Today, you can tour the school facilities, which include classrooms, dormitories and exercise grounds, but also an archery court, library, printing office, observatory and even a pond where aspiring samurai students practised swimming while wearing full battle armour - probably even trickier than it sounds!

Koboshi and Akabeko

If you want to try your hand at some of the subjects students at Nisshinkan would have studied, then you can join one of the mock classes in meditation, tea ceremony, archery or Japanese halberd  (some activities require advance registration). Alternatively, you can try your hand at local arts and crafts, such as painting ‘akabeko’, a red papier-mache cow with a nodding head, or ‘koboshi’, a self-righting doll with a comical smiling face.

Mt Adatara - Relaxed Mountain-Climbing Destination

Mt Adatara ©Yasufumi Nishi
While Mt Fuji - arguably deservedly - tends to hog the limelight as Japan’s most iconic mountain, the truth is that there are plenty of other scenic, challenging or just plain tall mountains dotting the length and breadth of Japan just waiting to be explored. In fact, 100 of them are classified as Japan’s Hyakumeizan, or ‘100 Famous Mountains’, and make a great alternative if you don’t have the time, fitness or inclination to haul yourself up (and down) Japan’s most famous peak. 

Mt Adatara in Fukushima is among them. Climbing at a relaxed pace, it takes about 90 minutes to ascend to the 1,700 summit. From the top, you can enjoy spectacular panoramic views of Nihonmatsu city, Bandai-Asahi National Park and the entire Bandai-Asahi area, from Mt. Bandai (another Hyakumeizan) to Mt. Azuma to the northeast. 

Alternatively, you can take a shortcut by hopping on the Adatara Ropeway, which takes ten minutes to make the journey from Adatara Kogen Ski Resort at 950 metres up to Yakushidake at 1,350 metres. From there, it’s around a ten-minute walk to the Yakushidate Observation Platform. Using the ropeway reduces the round trip climb by about an hour, enabling you to get up and down the mountain in under three hours. The ropeway operates 8:30-16:30 and costs 1,700 yen for the round trip fare.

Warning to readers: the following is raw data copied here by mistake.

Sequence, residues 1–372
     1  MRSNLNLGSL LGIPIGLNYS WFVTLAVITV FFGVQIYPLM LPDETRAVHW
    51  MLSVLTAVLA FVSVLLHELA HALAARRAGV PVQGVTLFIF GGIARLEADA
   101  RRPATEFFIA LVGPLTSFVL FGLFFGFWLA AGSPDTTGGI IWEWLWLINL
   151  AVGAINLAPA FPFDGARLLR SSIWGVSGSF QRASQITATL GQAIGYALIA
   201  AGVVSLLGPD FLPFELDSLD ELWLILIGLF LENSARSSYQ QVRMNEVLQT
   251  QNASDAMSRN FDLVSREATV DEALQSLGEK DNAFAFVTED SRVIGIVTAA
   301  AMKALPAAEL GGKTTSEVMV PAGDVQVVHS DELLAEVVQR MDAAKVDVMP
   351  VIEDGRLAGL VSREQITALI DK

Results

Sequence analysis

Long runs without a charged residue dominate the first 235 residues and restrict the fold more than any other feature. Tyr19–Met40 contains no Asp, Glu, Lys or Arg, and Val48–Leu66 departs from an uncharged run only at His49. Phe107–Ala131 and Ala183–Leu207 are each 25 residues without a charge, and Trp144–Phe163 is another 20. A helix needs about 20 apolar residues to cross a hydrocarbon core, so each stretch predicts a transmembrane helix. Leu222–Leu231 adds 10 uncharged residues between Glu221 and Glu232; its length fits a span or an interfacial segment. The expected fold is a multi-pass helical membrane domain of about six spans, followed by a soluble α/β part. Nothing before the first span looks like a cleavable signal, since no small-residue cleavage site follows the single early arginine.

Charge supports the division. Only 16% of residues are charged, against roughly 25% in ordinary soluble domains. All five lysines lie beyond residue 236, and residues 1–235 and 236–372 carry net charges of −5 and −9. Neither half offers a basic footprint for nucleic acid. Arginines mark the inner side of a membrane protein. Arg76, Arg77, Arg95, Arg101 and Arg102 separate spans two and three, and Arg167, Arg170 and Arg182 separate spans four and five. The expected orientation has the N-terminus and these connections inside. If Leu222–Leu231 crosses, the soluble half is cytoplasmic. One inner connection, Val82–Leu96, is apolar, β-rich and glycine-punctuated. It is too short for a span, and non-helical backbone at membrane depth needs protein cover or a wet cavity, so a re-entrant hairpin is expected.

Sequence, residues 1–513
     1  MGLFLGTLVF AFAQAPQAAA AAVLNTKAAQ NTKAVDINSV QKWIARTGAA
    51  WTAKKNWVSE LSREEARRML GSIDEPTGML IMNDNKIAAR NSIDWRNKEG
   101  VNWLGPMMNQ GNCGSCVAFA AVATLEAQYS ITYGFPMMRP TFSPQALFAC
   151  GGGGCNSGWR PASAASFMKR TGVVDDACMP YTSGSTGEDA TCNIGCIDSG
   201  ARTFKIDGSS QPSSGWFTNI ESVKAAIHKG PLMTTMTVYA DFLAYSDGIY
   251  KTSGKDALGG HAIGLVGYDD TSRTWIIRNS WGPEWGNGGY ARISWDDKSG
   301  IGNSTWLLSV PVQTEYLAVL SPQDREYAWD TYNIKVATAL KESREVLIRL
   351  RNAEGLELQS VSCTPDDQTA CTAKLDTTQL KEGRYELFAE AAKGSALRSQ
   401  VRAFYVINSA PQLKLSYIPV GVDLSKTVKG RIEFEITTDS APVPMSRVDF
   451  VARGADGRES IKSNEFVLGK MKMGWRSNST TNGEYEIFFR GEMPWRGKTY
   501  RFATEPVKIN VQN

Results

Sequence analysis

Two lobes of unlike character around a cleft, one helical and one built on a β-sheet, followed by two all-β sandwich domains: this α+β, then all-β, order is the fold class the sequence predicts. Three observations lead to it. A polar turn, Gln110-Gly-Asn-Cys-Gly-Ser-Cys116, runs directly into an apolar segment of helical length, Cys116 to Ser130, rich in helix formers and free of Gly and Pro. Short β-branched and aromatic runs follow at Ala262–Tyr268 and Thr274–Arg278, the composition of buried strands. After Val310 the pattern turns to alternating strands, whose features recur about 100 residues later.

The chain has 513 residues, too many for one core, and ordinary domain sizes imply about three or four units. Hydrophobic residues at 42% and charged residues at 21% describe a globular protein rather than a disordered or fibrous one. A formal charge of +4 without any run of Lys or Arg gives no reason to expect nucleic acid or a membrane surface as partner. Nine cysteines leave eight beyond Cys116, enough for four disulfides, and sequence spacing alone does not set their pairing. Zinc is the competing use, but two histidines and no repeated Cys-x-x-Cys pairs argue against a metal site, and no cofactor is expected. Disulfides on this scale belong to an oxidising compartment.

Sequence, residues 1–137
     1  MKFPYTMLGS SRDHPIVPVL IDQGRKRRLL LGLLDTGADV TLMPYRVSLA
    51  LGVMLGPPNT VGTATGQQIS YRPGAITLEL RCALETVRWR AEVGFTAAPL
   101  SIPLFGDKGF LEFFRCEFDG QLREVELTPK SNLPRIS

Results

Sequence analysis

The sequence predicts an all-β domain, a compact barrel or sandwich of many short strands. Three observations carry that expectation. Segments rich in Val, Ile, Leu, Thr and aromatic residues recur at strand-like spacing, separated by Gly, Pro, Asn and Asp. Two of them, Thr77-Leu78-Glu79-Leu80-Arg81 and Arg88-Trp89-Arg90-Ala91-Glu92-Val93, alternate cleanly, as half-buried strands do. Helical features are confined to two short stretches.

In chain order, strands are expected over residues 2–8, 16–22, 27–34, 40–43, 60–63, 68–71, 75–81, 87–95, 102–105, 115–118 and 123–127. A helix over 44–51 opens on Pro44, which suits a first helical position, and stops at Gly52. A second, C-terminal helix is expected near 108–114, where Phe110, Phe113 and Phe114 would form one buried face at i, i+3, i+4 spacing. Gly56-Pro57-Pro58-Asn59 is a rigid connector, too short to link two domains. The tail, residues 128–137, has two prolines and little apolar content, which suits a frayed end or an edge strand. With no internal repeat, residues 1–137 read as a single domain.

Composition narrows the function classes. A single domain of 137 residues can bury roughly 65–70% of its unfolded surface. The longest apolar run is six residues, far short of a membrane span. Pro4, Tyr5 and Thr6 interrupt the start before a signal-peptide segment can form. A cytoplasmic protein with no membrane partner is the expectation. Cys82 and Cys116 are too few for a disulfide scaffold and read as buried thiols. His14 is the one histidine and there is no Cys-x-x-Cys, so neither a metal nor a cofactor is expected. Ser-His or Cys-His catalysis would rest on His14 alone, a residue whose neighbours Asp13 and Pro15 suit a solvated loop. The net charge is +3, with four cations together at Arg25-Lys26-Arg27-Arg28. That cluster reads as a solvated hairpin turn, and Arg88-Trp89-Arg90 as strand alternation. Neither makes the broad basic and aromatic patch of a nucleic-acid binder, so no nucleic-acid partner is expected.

The best base for climbing Mt Adatara is nearby Dake Onsen, a hot spring town located about 5 km northeast of the trail head at Adatara Kogen Ski Resort which offers several choices of onsen and traditional inns for accommodation. Alternatively, Fukushima City and Koriyama City - both are stops on the bullet train lines from Tokyo - are both around 40 minutes drive away in opposite directions.

Bonus: Nihonmatsu Ebisu Circuit - Hometown of Japanese Drift-Racing

Road in Japan

Nestled in a dense forest eleven minutes drive from the foot of Mt Adatara is Nihonmatsu Ebisu Circuit, a large multi-course motor racing track complex. Known as the hometown of drift-racing in Japan and one of the premier drifting-based tracks in the world, it is a must-visit for petrolheads from all over the globe. 

Drifting originated and spread in Japan in the 1980s, before being popularised abroad by The Fast and the Furious film series. In recent years, increasing numbers of drifting fans and drivers from countries as far afield as Canada, Australia, New Zealand and the USA are making the pilgrimage to the Ebisu circuit to experience the daredevil sport of drift-racing at its homeground. 

Designed and built by drift driver Nobushige Kumakubo, the circuit opened in 1988 and quickly attracted amateur racers who had previously been (ahem) drifting on winding rural roads. The circuit features seven individual tracks and two skid pan type circuits, and is one of the few race courses to allow drifting, as the sport inevitably gradually wears down the track’s surface - not to mention the cars’ tyres! The Ebisu Drift Festival, held three times a year, sees upwards of 100 drivers congregating at the circuit each time.

Not keen to get behind the wheel for yourself? Not to worry - just shell out for Team Orange’s “drift taxi” experience, where a professional drifting driver takes you for a nail-bitingly exciting spin to experience the Ebisu track sideways (advance booking required). And if racing and cars just aren’t your thing at all, then don’t worry - Tohoku Safari Park is next door, and can be tackled at a considerably slower pace.